By Local democracy Reporter
SOCIAL cleansing is the label given to a new housing waiting list policy that is being considered by Thurrock Council.
If proposals to change the policy were to go ahead it would mean young people on low income and living with their parents will no longer be able to apply for the wait list, neither will older people looking to move to sheltered housing.
The review was discussed by the council’s housing scrutiny committee on December 18 and branded by the meeting’s chair, Labour Councillor Gerard Rice, as “social cleansing”.
He said: “We are talking about young people who have limited access to money through their employment, they will be excluded and that cannot be right – you don’t count, that is what we will be saying. We can’t just abandon people.
“How is that young lad or young girl who is working down at Lakeside and on ten grand a year going to get a flat? If they can’t get it out of the social sector they won’t be able to afford it in the private sector. It locks everything down, we are getting into social cleansing.”
The council currently has 9,140 applicants on their housing wait list and they have been divided into five separate bands based on their circumstances.
The changes would see the whole of Band 5 – people considered to be “adequately housed” – eliminated from the wait list, cutting almost 3,000 people from the list. This would include those living with parents and older people who have a home but wish to move to more suitable sheltered accomodation.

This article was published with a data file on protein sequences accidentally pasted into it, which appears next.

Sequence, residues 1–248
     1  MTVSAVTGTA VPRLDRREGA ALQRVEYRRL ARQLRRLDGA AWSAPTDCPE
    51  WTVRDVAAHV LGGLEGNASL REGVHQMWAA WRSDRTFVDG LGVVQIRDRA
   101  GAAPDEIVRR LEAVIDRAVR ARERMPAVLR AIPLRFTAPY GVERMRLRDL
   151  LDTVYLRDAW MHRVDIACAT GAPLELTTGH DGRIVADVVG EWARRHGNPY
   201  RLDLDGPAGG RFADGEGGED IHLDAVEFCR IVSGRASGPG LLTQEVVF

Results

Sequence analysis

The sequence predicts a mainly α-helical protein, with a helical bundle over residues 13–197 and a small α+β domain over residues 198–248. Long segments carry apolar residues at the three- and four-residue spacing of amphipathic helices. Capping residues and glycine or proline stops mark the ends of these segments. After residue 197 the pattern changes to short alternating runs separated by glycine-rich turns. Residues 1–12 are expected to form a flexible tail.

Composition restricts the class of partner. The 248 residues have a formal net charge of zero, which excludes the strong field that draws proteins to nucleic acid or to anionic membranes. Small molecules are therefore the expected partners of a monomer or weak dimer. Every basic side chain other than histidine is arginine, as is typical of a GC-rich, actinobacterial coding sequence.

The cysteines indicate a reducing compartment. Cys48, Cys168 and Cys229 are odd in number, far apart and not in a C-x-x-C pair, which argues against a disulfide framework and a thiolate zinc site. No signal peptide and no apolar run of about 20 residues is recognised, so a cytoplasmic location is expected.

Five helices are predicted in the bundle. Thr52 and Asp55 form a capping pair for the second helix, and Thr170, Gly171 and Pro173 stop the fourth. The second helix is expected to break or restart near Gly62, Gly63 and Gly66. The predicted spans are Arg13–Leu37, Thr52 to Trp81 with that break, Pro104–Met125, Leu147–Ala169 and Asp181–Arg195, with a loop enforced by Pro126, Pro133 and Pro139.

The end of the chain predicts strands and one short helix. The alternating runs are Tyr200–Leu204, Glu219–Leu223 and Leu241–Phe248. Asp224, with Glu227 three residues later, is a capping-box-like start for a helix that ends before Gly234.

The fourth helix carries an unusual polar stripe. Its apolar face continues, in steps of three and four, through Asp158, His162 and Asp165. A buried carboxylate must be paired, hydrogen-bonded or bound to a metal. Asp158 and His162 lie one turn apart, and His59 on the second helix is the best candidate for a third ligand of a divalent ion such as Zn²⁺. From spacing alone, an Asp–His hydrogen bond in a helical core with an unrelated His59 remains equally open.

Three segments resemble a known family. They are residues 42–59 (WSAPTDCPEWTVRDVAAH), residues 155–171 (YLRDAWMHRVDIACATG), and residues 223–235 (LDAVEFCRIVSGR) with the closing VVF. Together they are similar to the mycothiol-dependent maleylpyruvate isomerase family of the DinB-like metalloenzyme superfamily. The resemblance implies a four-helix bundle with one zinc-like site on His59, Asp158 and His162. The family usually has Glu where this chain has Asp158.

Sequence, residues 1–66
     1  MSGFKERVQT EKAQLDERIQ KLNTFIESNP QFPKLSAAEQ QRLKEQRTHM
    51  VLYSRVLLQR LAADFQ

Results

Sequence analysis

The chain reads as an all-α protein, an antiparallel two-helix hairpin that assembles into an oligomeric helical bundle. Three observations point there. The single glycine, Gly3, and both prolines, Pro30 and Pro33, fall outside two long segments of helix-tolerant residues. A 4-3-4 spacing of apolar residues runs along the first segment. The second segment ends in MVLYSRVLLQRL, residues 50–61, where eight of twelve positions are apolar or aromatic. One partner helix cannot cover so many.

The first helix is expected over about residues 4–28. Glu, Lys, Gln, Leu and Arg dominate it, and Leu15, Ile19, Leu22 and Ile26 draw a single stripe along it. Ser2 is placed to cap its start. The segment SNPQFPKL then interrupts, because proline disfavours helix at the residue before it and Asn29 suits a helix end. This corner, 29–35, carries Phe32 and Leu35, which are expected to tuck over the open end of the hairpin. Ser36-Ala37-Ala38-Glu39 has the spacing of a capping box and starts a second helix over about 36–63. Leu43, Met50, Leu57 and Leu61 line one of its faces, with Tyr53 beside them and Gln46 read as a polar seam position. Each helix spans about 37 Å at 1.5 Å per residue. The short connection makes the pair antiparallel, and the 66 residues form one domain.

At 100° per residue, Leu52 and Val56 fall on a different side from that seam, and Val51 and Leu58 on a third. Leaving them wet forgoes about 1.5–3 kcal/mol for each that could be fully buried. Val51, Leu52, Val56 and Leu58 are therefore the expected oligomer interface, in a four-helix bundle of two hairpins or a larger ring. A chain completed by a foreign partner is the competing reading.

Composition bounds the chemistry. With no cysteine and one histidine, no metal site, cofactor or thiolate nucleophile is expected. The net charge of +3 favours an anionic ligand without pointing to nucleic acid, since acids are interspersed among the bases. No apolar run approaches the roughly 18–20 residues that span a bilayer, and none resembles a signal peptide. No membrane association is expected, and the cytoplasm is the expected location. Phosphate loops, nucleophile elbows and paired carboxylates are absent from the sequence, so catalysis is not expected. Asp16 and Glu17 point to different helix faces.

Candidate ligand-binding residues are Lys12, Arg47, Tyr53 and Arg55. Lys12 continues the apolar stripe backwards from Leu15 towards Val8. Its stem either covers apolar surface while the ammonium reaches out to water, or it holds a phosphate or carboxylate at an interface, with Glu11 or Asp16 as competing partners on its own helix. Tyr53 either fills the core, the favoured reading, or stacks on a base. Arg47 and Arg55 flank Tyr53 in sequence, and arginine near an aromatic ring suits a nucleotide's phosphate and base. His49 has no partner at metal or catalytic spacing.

Independent Councillor Luke Spillman said: “We are closing the door on young people when the private sector has already closed the door and that statement says that there is nowhere in Thurrock where you can afford to live anymore. The only option these people will have is to leave the borough to go to poorer areas where housing is cheaper, that will be their only option. We are making a big statement if we get rid of band 5 and I will never support this.”
Conservative councillors did not agree that it would constitute social cleansing. Councillor Joycelyn Redsell questioning if there is a “moral right” to children living at home with their parents and said her take is young people should “live with mum and dad and save up”.
Council officers defended the measures saying that they would prevent people from having “unrealistic expectations” that they will get a home. However, they also admitted that an average of 50 people on band 5 are housed each year.
Other proposed changes include applicants having to have lived in the borough for six years rather than five and only being able to refuse to move into a property two times rather than three.
The maximum income a person is earning to qualify would also be increased to better reflect the increase in house prices. Key NHS workers will be able to apply to be part of the waitlist even if they do not have a local connection.